When an accident happens at work, you know medical care is needed fast. But what if you’re not sure if it’s a true emergency? While the answer is not always simple, knowing the difference between urgent care and emergency care and where to seek treatment could save a life in an emergency.
For conditions that aren’t life-threatening, you may be able to save time—and money—by going to your local urgent care facility. These freestanding walk-in centers usually offer extended hours, and their doctors can treat non-life-threatening medical situations, perform basic X-rays and lab work, and dispense prescriptions. These include minor traumas such as cuts, sprains, eye injuries, insect bites, and simple fractures. Patients are usually seen on a walk-in basis, and many centers have extended hours.
Emergency rooms are not always the fastest choice for medical care needs—and certainly not the most cost-effective. The emergency department was designed to provide life-or-limb-saving care. Many people, however, use the ER as a place to receive urgent care without realizing it. If you’re ever in doubt, it’s better to be safe and go to the closest ER. These are just a few of the conditions that are medical emergencies:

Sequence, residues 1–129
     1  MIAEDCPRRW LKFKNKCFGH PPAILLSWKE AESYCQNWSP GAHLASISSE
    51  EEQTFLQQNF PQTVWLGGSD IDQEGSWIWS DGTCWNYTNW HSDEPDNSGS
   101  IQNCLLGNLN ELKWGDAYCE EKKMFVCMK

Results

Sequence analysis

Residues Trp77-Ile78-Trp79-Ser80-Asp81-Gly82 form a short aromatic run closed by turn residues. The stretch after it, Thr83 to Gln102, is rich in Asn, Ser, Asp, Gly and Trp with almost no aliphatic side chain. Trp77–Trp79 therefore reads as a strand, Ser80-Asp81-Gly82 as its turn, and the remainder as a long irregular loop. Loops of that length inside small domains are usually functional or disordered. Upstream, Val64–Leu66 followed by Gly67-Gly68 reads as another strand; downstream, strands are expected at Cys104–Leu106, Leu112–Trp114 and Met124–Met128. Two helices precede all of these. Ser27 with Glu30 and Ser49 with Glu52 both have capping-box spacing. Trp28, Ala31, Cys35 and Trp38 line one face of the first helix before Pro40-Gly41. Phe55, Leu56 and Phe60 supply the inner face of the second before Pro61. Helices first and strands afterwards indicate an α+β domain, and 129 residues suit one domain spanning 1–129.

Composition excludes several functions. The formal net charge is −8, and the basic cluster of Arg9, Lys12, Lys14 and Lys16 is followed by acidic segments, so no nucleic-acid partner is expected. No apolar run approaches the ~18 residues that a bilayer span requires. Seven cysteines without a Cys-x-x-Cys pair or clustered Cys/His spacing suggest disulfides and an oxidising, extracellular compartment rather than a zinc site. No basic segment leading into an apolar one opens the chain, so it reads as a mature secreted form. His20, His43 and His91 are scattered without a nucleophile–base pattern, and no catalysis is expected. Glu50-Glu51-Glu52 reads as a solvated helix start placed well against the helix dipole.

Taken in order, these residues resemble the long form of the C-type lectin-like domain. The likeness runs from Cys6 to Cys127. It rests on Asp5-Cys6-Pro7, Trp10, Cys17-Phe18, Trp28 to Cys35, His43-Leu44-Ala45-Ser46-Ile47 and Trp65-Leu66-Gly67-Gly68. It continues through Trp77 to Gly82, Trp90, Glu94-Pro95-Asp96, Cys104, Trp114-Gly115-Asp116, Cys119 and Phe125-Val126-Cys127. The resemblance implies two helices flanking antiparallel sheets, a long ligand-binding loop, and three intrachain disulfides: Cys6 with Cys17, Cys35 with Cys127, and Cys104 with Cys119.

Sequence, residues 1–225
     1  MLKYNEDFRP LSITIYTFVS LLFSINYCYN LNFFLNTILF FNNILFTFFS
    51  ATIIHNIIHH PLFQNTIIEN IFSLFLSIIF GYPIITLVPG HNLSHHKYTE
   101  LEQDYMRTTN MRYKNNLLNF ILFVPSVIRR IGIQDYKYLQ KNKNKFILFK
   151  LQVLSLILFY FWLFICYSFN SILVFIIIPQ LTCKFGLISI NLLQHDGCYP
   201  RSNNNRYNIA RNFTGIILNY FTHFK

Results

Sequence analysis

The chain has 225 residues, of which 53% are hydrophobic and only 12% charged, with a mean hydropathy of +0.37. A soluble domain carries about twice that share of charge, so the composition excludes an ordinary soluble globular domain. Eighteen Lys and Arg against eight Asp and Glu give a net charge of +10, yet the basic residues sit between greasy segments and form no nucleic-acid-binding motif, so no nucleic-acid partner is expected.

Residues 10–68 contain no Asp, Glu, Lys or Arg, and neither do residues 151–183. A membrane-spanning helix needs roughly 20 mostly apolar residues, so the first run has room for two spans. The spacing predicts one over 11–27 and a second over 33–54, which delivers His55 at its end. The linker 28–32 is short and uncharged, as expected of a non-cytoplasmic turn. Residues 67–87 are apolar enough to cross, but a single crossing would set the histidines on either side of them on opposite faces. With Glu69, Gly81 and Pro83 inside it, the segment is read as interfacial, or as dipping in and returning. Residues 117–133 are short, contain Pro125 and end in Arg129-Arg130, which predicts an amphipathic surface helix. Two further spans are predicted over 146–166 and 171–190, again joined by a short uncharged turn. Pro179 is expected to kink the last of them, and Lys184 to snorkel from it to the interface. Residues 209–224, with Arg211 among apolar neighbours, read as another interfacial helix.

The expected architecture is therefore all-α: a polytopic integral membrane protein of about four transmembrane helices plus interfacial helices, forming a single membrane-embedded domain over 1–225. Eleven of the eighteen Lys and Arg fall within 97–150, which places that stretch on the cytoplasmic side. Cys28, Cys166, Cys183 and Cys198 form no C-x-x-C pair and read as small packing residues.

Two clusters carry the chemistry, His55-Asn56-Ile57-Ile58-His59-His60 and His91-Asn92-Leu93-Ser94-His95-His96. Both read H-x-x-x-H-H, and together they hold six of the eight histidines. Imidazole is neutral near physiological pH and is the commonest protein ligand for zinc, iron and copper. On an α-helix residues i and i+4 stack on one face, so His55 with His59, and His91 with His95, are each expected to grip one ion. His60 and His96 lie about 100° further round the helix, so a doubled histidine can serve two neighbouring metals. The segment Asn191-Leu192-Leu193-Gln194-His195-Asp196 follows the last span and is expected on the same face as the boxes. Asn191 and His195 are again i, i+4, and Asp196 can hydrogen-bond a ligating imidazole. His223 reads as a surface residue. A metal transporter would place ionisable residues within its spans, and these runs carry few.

- Broken bones or dislocated joints
- Deep cuts that require stitches – especially on the face
- Bleeding that won’t stop or a large open wound
- Serious burns
Sometimes driving an injured worker to the emergency room won’t get you the medical care needed fast enough. For certain very serious injuries, such as:
- Fall from severe heights
- Crushing injury to the torso which may include organ damage
- Amputation of limb(s)
- Serious head trauma or unconsciousness
- Heart attack or stroke
In these critical situations, call 9-1-1! Taking an ambulance is safer because paramedics can deliver life-saving care on the way to the hospital.